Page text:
China holds over a trillion dollars in U.S. Treasury Bonds. Japan holds almost a trillion. The United Kingdom holds over 400 billion. Brazil holds more than 200 billion. The list goes on. If China were to initiate – as some China-phobes suggest – a cash-out of its Treasury Bonds, and that cash-out caused a run on the dollar destroying half its value, China would lose more than half a trillion dollars in purchasing power. This is a game of chicken that the U.S. has, so far, won every time.

The key to dominance in the world of the late 20th and early 21st Centuries has been dependency. . . interdependency, but of a very unequal nature. We see this in really bad, really patriarchal marriages. A husband depends on his wife for the management of the household, for a lot of unpaid labor, and for the care of children, and the wife depends on the husband for economic security; but in the event of a divorce, we find that the wife comes out much worse than the husband, giving the husband a threat to hold over the head of the wife. They depend on one another, but that interdependence is not synonymous with equal status or parity of power.

This is how U.S. foreign policy is constructed for the most part, as interdependences in which the U.S. is the dominant partner. And there are few things that human beings depend on more urgently than food; which brings me to a subject that is imbricated with finance, but not the same as finance.
Money is not theoretically necessary for life. Human life sustained itself before general purpose money. Human life cannot be sustained, however, without its material basis in food. We all know that, with very few exceptions, in spite of this theoretical ability to live without money, most of us do not have access to enough food without first having access to money. If one controls access to money, except in subsistence economies, one controls access to food.

A strange chemical history

If I might, I’d like to actually go deeper on the topic of food than we generally do, into the realms of chemistry and biology, for just a moment. I want to say a few things about energy and nitrogen.

If you touch another person, you will find that they are heaters. We who are still alive are warm. That heat is thermal energy that is part of the overall energy system that constitutes your existence as an organism, as a mammal, as a primate, and as an omnivore. You eat plants and animals that have energy stored in them. The plant energy that animals eat comes from the sun, whose energy is stored in the plants by photosynthesis.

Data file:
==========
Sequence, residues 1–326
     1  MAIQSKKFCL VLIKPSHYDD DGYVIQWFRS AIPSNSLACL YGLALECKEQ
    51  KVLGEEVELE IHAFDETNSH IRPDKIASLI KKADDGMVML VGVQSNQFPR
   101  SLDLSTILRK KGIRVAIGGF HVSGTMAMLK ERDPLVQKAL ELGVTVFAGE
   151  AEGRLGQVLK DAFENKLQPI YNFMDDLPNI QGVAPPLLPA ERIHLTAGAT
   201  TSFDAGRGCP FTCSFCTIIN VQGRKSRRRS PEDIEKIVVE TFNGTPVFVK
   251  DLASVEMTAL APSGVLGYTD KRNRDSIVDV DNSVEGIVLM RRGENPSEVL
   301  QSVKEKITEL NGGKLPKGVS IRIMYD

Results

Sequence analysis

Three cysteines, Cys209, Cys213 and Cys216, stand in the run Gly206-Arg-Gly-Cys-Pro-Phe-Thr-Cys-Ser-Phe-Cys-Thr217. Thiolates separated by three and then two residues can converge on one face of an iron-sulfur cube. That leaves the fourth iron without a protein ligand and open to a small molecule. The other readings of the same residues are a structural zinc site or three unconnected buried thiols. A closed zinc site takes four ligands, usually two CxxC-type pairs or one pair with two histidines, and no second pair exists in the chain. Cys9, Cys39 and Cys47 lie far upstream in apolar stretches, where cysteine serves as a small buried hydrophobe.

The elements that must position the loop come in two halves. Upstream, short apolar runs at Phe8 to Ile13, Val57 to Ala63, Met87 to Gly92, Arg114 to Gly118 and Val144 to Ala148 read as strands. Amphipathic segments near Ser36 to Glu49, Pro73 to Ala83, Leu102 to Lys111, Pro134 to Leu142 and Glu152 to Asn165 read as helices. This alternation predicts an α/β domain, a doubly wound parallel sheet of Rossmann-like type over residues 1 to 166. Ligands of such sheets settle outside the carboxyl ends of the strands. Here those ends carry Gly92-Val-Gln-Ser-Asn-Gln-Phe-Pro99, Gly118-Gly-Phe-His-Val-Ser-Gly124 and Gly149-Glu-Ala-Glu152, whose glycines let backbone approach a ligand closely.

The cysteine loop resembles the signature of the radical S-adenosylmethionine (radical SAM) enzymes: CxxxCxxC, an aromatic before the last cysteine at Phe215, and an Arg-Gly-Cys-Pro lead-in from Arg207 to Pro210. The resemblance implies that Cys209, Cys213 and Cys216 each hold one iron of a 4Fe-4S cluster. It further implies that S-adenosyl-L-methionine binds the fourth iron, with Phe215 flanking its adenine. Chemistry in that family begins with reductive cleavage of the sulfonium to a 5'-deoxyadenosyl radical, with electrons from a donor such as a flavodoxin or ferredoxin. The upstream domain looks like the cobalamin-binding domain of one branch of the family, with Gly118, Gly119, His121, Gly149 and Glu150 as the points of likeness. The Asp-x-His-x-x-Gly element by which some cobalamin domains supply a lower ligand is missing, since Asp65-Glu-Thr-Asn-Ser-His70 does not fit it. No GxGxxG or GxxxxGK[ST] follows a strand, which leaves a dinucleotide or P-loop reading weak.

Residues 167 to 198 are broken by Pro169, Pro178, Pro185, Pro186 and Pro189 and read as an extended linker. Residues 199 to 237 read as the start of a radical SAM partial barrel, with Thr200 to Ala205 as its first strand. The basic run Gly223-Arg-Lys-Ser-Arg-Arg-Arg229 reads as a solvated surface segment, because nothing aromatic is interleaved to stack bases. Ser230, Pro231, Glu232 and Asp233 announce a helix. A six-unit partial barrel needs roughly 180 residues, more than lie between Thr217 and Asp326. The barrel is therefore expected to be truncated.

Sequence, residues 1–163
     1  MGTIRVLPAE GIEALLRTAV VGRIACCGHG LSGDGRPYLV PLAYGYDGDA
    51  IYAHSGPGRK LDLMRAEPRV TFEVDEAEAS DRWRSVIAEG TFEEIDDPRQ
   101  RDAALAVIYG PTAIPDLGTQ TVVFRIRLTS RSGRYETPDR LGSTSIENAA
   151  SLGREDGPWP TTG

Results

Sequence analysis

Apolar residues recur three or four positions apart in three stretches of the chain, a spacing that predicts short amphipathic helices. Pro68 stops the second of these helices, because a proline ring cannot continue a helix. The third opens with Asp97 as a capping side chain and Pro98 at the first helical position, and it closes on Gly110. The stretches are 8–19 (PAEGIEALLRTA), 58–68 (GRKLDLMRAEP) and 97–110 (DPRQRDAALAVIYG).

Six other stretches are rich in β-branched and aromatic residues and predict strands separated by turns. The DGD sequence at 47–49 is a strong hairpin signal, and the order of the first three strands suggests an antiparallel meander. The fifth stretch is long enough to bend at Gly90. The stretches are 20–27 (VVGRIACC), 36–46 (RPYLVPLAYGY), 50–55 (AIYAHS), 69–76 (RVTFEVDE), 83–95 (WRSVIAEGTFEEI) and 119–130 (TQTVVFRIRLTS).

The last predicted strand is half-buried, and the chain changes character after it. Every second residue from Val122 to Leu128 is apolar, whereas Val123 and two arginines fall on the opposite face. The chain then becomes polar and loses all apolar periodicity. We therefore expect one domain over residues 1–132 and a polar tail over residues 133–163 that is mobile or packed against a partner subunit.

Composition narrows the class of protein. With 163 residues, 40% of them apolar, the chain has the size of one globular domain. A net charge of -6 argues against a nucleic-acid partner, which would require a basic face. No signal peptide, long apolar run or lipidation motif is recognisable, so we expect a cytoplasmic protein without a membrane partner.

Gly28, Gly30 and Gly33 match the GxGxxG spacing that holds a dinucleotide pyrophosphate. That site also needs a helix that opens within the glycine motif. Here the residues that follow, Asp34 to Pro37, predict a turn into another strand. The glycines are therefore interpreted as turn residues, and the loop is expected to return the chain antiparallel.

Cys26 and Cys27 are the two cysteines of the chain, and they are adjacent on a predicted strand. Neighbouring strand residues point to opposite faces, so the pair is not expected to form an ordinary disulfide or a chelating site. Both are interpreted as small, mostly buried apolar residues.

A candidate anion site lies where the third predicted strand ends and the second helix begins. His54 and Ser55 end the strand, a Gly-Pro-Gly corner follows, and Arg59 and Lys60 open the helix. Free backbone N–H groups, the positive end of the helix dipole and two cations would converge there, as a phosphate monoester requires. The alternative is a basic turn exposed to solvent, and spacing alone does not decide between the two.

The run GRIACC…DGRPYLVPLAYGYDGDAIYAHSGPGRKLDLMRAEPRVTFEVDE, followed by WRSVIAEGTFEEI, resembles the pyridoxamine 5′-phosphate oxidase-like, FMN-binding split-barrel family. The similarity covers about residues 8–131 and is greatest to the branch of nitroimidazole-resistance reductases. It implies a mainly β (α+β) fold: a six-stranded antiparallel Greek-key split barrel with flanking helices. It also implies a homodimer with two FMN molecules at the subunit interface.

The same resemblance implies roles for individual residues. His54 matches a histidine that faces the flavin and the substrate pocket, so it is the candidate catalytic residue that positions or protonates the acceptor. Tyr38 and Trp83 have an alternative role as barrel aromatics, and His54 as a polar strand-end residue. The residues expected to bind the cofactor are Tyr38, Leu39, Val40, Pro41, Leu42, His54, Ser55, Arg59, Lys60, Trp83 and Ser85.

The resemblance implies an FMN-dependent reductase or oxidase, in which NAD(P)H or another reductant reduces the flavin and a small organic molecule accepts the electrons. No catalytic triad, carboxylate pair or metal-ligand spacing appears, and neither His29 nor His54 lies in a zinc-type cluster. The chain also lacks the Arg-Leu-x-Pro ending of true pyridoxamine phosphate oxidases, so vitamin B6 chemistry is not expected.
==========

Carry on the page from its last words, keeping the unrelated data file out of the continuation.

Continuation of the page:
One of the chemical components of our world that is necessary for most plant growth, therefore necessary for food, and therefore necessary for our survival, is nitrogen. Oddly enough, after Timothy McVeigh blew up a federal office building in Oklahoma City, everyone – even non-farmers – came to know that fertilizer is made with nitrogen. Yet nitrogen is the most abundant element in the atmosphere, so why should anyone have to “produce” it as a fertilizer? We live our entire lives literally swimming in the stuff.

As it turns out, atmospheric nitrogen, like atmospheric oxygen, is a Siamese twin. It consists of two, fused molecules: N2, as it were. Plants have to break this down into single molecules (N1), then mix it with other stuff, in order to turn sunlight into food. The process is called biological nitrogen fixation. Prior to human intervention, this fixation process was accomplished by prokaryotes (or non-nucleated bacteria) and diazotrophs (or ammonia-making bacteria.)

During World War I, the introduction of new technology, i.e. the machinegun, and the adherence to pre-machinegun tactical doctrines, led to huge armies being first mowed down like grass, then trapped them facing each other from pestilential trenches. One of the bright ideas for taking advantage of this horror-film stalemate was the idea of killing the enemy with poisonous gas.

During the war, Fritz Haber, a German-Jewish chemist, was appointed director of the Berlin-based Kaiser Wilhelm Institute for Physical Chemistry. One of his jobs became the development of chemical weapons. He would eventually invent a gaseous chemical called Zyklon-B, a cyanide derivative, which would later be used by his government to wipe out millions of his own co-religionists; but during WWI he was preoccupied with chlorine and ammonia for the development of poisonous gases for the battlefield.

His other preoccupation was nitrogen fixation. He had learned how to do that, synthetically, by combining hydrogen and N2 under heat and pressure, along with an iron isotope and aluminum oxide as catalysts. He had already patented this process before the war; but it would take Carl Bosch, the eventual co-founder of I. G. Farben (the company that marketed Zyklon-B) to commercialize the process. . . which laid the basis for a population explosion from 1.6 billion in 1900 to more than 7 billion today. What he’d made was chemical fertilizer, and it meant that even land that was unfit for agricultural cultivation could be rendered ‘productive.’  The food that feeds that additional 5 billion people is largely produced with the assistance of chemical fertilizers and chemical poisons.

But ‘heat and pressure’ are not some infinite essence like space, nor are they immediately available like atmospheric nitrogen. They are transient phenomena that must be created through some procedure; in this case, burning fossil hydrocarbons. . . lots of them.  Haber was looking at a crisis created by the depletion of guano – bat and bird droppings used as fertilizer – mostly collected from the islands off the coast of Chile; so he generated a new system that depended on another exhaustible resource: fossil fuel.